Long-term weight control in adults with Prader-Willi syndrome living in residential hostels

Harry J. Hirsch*, Fortu Benarroch, Larry Genstil, Yehuda Pollak, Dvorit Derei, Dorit Forer, Hadassa Mastey Ben-Yehuda, Varda Gross-Tsur

*Corresponding author for this work

Research output: Contribution to journalArticlepeer-review

3 Scopus citations


Hyperphagia leading to severe obesity with increased morbidity and mortality is the major manifestation of Prader-Willi syndrome. Caring for these individuals in a home environment is challenging and stressful for caregivers and families. Residential hostels specifically for PWS adults offer programs of diet, exercise, and vocational opportunities, but long-term effects of PWS hostel living have not been reported. We studied long-term changes in body mass index (BMI) for PWS adults living in residential hostels compared with age-matched controls living with families at home. The study included all 34 individuals (18 men) aged >17 years with genetically confirmed PWS living in residential hostels. BMI was recorded at the time of yearly clinic visits and compared to 23 PWS adults (10 men) living at home. BMI on entering the hostel was 36.3 ± 11.0 kg/m 2 and decreased to 27.0 ± 5.6 kg/m 2 (p < 0.001) after 6.9 ± 3.9 years. For 21 residents, a slight rise of BMI to 28.8 kg/m 2 was observed 5.1 ± 2.5 years after the lowest value was achieved. BMI of 23 PWS adults at home was 36.8 ± 12.7 kg/m 2 versus 27.9 ± 7.1 kg/m 2 for hostel residents in the same age range (p = 0.008). From 2008 to 2019, there were five deaths among PWS individuals aged 18-40 years living at home, compared with one death (a 43-year-old man) among hostel residents. Adults with PWS living in hostels lose weight, maintain BMI values in a normal to mildly overweight range, and have lower mortality in contrast to individuals in a family home environment.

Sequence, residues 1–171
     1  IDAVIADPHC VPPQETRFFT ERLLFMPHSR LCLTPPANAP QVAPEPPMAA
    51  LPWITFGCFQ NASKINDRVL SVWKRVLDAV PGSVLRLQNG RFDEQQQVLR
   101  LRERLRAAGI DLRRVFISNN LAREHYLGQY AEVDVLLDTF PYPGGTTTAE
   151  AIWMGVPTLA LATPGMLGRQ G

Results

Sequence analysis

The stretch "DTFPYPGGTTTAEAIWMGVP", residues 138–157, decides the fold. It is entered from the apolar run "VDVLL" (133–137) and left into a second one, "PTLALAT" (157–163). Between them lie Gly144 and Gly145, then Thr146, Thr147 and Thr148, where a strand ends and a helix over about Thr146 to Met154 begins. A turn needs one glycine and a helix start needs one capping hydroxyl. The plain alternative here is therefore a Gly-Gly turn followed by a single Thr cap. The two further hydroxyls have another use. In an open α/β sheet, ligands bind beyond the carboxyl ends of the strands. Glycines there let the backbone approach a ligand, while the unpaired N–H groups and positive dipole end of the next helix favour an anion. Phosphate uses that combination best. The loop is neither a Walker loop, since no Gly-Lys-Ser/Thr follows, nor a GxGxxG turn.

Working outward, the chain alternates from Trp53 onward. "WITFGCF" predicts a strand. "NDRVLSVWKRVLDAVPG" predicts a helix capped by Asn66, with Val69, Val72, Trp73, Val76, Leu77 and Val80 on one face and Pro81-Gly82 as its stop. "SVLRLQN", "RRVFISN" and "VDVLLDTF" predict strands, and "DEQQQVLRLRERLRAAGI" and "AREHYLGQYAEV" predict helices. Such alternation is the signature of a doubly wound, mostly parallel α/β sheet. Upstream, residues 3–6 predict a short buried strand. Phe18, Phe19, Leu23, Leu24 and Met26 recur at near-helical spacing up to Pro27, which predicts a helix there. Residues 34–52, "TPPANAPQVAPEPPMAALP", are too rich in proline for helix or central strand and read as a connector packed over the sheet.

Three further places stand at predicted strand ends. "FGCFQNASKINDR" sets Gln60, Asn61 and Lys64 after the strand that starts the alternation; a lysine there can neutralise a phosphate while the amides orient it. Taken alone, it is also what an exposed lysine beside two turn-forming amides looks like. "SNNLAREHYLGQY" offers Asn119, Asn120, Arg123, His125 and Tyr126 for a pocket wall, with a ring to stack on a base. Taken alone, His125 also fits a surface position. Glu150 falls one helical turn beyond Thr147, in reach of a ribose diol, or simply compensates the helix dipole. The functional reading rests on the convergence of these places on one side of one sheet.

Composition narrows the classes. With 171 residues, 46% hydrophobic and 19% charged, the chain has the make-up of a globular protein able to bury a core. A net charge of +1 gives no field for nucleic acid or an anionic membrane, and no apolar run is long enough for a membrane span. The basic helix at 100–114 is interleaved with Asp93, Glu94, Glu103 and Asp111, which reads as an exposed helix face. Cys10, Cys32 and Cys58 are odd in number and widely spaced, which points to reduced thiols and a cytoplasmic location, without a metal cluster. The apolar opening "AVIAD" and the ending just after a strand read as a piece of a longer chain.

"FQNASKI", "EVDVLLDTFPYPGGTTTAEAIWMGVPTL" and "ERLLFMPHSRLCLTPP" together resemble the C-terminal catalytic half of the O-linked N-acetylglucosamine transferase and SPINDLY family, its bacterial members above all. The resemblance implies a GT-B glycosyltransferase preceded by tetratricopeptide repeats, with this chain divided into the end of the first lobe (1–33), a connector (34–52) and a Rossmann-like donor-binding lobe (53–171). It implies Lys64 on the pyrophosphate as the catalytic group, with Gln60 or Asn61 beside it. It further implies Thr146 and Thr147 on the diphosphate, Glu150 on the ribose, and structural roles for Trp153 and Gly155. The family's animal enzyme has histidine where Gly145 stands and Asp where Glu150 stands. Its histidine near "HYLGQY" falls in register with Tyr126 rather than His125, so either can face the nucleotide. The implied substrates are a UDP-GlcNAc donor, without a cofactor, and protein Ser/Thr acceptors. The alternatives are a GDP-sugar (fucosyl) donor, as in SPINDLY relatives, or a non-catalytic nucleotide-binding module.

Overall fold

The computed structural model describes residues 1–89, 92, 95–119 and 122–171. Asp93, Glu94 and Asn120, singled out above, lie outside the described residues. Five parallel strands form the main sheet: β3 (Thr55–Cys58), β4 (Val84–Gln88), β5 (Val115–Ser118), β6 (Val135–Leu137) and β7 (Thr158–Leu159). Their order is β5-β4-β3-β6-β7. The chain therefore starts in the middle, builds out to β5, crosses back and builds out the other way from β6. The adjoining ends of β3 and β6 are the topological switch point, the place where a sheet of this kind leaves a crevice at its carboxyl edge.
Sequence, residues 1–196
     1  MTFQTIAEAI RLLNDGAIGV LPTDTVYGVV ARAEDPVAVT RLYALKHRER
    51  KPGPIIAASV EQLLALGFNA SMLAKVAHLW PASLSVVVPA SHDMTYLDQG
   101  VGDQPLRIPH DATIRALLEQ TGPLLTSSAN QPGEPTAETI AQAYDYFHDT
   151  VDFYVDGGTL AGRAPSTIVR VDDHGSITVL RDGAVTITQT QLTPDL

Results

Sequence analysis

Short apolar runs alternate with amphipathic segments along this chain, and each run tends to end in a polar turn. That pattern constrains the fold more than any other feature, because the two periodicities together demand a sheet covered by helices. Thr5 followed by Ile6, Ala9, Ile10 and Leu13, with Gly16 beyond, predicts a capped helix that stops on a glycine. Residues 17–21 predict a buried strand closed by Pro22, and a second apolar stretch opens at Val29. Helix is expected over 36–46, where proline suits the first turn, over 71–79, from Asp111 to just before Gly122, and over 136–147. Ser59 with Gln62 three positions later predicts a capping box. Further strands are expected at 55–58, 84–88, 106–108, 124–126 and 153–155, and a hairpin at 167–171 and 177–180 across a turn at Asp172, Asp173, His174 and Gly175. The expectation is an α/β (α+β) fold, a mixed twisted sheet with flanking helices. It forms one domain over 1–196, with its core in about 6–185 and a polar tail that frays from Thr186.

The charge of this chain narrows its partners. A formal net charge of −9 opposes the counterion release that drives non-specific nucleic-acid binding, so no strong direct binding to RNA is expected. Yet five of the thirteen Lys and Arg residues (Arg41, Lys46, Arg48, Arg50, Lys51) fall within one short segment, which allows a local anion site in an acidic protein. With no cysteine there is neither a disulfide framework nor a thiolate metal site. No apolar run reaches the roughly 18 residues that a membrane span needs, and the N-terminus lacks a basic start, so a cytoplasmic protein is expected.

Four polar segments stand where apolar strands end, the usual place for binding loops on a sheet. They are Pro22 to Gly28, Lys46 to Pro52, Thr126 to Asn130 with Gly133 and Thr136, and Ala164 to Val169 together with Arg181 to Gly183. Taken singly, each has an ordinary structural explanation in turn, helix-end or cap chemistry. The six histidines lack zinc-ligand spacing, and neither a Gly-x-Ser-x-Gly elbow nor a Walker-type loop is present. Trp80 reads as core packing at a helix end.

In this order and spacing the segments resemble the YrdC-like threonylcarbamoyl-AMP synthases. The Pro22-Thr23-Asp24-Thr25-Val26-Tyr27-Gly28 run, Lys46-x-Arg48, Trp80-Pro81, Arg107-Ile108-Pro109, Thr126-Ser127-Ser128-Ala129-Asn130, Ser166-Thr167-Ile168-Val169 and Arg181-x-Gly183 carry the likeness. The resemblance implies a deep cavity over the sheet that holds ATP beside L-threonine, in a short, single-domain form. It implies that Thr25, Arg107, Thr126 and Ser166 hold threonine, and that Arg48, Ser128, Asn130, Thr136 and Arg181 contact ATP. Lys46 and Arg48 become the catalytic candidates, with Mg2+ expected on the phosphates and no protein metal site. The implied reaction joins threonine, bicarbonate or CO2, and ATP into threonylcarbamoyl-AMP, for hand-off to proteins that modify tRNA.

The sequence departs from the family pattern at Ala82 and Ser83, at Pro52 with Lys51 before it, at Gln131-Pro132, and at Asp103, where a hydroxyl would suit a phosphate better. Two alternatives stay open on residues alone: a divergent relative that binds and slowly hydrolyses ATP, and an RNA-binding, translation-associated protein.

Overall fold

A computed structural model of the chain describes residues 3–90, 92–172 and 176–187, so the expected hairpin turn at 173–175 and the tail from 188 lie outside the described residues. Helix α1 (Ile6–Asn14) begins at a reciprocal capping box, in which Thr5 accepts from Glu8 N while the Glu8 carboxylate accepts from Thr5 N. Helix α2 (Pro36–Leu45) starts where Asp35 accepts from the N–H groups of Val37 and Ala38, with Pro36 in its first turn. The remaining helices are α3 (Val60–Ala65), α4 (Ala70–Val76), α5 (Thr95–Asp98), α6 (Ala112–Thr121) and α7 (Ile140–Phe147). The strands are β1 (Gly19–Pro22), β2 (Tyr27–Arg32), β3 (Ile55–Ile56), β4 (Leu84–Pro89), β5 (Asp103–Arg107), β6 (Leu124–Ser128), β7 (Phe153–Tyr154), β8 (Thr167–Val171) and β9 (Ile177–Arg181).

Original languageAmerican English
Pages (from-to)1175-1181
Number of pages7
JournalAmerican Journal of Medical Genetics, Part A
Issue number4
StatePublished - Apr 2021

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  • Prader-Willi syndrome
  • obesity
  • residential hostels


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